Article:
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Banking on Mercy by Ann Sitarz

    “It was very cold and it was snowing out. They were very scared, but it was a good thing they did it, huh?”

    It was never discovered what made me so sick, and the doctors dubbed it as an unidentifiable parasite.  Miraculously, I recovered not too long after our visit to Washington’s Crossing.  My mother attributed it to the healer she had taken me to at the recommendation of my grandmother.  It seems more likely that it was a prolonged anxiety attack from the stress of starting kindergarten.  It seemed by the nature of the trip that my father understood this.  This is the best memory I have of him.

    I stood on the sea of hallowed grass feeling like my toes stood along the bank of a snowy river, splashing up on them.  It’s amazing how a single good memory can lodge in your throat, and prevent the surfacing of subsequent bitter memories until you reconcile this single outlier, this dissident good deed of a terrible man, this father who always seemed more like a wolf.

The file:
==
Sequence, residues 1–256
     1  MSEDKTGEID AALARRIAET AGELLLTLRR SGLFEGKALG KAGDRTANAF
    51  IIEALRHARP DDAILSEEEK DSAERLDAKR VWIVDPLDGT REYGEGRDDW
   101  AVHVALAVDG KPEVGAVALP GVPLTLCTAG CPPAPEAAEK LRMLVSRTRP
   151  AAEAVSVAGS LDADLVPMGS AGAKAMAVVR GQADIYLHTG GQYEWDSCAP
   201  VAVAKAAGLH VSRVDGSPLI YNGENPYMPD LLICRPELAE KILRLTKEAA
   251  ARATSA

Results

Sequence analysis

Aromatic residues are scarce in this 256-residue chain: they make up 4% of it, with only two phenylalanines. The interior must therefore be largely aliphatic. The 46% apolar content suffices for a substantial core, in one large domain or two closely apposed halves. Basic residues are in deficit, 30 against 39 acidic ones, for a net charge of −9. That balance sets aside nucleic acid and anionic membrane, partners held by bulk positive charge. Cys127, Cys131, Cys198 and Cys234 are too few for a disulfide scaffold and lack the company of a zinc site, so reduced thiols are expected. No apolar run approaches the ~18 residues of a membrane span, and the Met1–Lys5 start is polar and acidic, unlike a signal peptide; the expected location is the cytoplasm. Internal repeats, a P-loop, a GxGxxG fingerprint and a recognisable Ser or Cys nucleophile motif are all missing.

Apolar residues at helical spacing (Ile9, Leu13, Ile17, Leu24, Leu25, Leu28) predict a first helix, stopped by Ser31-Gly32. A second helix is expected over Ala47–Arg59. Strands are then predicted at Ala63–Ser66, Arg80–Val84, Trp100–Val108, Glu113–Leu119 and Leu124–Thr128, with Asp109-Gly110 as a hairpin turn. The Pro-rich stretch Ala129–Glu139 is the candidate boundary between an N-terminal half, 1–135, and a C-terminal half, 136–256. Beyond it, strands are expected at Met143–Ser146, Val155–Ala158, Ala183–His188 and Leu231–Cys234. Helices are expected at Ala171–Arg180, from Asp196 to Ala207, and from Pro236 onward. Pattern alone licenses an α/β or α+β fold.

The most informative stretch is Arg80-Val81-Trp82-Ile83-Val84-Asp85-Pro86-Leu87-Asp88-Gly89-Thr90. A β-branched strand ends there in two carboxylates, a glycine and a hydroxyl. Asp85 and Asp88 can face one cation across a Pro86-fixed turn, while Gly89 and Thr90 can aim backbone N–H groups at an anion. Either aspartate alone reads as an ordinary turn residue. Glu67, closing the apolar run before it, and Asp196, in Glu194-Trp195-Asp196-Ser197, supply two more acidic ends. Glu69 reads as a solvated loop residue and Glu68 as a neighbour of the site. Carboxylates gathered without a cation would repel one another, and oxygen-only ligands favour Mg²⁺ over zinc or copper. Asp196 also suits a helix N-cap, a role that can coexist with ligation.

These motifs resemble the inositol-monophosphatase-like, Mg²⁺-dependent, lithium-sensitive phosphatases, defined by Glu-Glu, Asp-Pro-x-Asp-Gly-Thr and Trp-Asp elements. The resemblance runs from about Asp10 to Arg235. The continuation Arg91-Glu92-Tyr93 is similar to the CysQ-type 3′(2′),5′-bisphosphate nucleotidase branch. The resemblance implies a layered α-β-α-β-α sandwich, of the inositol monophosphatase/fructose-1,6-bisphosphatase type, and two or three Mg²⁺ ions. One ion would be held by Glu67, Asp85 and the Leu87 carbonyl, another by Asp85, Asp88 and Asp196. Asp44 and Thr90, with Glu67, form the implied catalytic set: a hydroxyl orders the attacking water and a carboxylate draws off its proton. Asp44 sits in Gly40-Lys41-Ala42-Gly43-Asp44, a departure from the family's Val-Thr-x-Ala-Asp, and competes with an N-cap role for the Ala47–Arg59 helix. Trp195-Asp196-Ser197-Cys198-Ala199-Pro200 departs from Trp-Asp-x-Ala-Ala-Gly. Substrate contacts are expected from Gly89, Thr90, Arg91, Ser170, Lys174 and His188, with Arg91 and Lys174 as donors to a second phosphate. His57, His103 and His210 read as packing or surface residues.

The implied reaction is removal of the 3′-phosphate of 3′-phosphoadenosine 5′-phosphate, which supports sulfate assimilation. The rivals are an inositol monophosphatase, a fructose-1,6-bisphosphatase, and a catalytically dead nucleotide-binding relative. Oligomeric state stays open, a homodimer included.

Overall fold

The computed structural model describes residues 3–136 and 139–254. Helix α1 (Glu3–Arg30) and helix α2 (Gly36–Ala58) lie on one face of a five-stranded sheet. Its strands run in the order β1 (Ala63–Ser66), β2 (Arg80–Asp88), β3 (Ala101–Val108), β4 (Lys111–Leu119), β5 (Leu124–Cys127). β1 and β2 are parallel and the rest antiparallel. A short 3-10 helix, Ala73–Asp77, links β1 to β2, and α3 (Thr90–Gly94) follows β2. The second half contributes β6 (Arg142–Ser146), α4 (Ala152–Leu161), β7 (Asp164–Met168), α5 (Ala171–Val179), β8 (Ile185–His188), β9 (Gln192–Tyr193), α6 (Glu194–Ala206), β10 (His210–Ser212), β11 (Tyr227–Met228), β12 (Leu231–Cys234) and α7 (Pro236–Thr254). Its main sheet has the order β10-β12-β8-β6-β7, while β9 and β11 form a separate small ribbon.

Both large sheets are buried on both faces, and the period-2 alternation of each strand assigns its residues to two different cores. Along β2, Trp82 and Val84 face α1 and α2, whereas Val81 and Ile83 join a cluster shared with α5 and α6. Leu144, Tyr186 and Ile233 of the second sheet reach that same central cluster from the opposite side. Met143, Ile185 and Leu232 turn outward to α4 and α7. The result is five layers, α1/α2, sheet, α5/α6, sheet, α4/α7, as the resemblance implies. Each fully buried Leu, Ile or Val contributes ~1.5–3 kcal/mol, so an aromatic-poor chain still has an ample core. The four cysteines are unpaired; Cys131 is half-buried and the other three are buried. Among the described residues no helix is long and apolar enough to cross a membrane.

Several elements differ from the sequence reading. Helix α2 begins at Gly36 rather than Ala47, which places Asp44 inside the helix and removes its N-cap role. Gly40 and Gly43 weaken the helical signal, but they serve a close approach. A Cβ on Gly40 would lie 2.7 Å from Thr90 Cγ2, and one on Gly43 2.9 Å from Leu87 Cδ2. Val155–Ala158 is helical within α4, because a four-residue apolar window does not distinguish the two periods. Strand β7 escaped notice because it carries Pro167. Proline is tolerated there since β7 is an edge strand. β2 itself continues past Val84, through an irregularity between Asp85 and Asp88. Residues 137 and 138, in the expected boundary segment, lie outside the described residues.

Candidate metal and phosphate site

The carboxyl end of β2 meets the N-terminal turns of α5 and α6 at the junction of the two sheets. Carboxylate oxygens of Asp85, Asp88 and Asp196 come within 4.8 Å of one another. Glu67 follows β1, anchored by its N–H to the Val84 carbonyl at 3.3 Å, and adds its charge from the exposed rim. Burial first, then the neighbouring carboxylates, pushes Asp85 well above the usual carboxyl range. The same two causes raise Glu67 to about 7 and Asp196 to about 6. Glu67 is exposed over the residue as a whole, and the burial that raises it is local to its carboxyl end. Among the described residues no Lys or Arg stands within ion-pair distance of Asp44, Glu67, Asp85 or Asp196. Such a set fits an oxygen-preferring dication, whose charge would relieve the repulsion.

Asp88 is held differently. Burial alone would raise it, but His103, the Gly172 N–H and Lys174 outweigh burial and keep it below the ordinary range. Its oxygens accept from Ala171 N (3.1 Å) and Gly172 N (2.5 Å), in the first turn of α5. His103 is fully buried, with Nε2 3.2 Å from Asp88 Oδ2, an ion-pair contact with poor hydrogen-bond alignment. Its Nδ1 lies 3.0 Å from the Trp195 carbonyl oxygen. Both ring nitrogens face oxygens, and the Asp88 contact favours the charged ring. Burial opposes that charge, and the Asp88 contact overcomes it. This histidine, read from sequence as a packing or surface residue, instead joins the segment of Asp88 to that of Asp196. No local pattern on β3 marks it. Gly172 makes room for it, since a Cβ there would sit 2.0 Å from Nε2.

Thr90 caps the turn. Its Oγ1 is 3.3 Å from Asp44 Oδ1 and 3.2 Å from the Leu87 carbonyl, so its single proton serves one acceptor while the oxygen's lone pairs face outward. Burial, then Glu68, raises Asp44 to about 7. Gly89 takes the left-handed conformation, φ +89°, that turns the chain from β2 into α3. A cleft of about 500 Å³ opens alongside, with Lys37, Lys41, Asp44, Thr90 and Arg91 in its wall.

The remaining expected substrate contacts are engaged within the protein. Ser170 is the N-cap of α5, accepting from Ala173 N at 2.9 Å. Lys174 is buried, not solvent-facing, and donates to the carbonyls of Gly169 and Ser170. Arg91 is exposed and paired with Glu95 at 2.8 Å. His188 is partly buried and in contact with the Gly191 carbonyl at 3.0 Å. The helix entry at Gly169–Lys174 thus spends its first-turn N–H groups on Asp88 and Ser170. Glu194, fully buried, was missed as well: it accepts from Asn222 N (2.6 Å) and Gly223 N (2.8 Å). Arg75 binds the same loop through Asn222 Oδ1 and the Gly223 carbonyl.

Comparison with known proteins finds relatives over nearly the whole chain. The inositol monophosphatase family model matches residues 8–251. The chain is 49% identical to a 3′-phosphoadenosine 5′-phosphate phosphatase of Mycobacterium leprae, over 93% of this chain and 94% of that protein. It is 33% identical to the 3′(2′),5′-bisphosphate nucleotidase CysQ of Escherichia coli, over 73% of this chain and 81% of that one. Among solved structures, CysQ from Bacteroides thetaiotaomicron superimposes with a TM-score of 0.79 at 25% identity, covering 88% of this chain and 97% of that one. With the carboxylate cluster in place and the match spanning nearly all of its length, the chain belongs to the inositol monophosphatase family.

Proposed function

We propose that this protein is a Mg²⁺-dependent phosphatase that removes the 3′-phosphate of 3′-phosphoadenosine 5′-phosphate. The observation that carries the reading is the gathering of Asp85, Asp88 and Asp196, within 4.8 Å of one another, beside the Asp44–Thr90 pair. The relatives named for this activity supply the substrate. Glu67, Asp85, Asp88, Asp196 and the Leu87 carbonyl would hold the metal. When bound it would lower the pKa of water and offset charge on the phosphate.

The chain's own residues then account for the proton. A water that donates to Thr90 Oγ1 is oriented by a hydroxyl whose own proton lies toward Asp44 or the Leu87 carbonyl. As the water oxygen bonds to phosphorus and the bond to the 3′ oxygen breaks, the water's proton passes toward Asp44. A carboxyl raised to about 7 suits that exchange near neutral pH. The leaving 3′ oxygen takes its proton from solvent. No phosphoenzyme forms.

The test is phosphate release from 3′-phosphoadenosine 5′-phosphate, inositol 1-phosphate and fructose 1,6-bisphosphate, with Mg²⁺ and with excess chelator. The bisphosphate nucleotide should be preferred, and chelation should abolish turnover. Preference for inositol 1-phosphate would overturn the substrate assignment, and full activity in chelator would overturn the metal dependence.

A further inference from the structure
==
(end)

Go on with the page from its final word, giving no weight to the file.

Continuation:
Perhaps it is an analogous moment like this that binds all children to their parents, a moment which we perchance might not have made it beyond without them.  At some point, parents—monsters and saints alike—impart a moment of life-giving following the initial invitation to live that—even if none other of their later actions coincide with it—defines them ever after as a parent, and requires us to forgive them for any other misdeeds.  It sets in stone, “I meant well.”

    Before I turned my back on him for the last time, I walked against the general osmosis away from his casket and said, audibly, “I really am sorry. Thank you.”  Woolen jackets fluttered in the wind as people walked towards their cars as if the weather enjoyed this last moment of the company of friends as much as he did.  I found my flower still clenched in my hand.  I let it drop and it rolled up against the green blanket surrounding his coffin. I wished it could have fallen into the grave.




Per Contra Non-Fiction - Fall 2006